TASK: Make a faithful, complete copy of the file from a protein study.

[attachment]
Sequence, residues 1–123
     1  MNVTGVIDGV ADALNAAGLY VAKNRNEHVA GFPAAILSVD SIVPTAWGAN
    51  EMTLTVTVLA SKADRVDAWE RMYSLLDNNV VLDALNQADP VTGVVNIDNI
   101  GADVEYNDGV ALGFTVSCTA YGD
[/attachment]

Sequence, residues 1–123
     1  MNVTGVIDGV ADALNAAGLY VAKNRNEHVA GFPAAILSVD SIVPTAWGAN
    51  EMTLTVTVLA SKADRVDAWE RMYSLLDNNV VLDALNQADP VTGVVNIDNI
   101  GADVEYNDGV ALGFTVSCTA YGD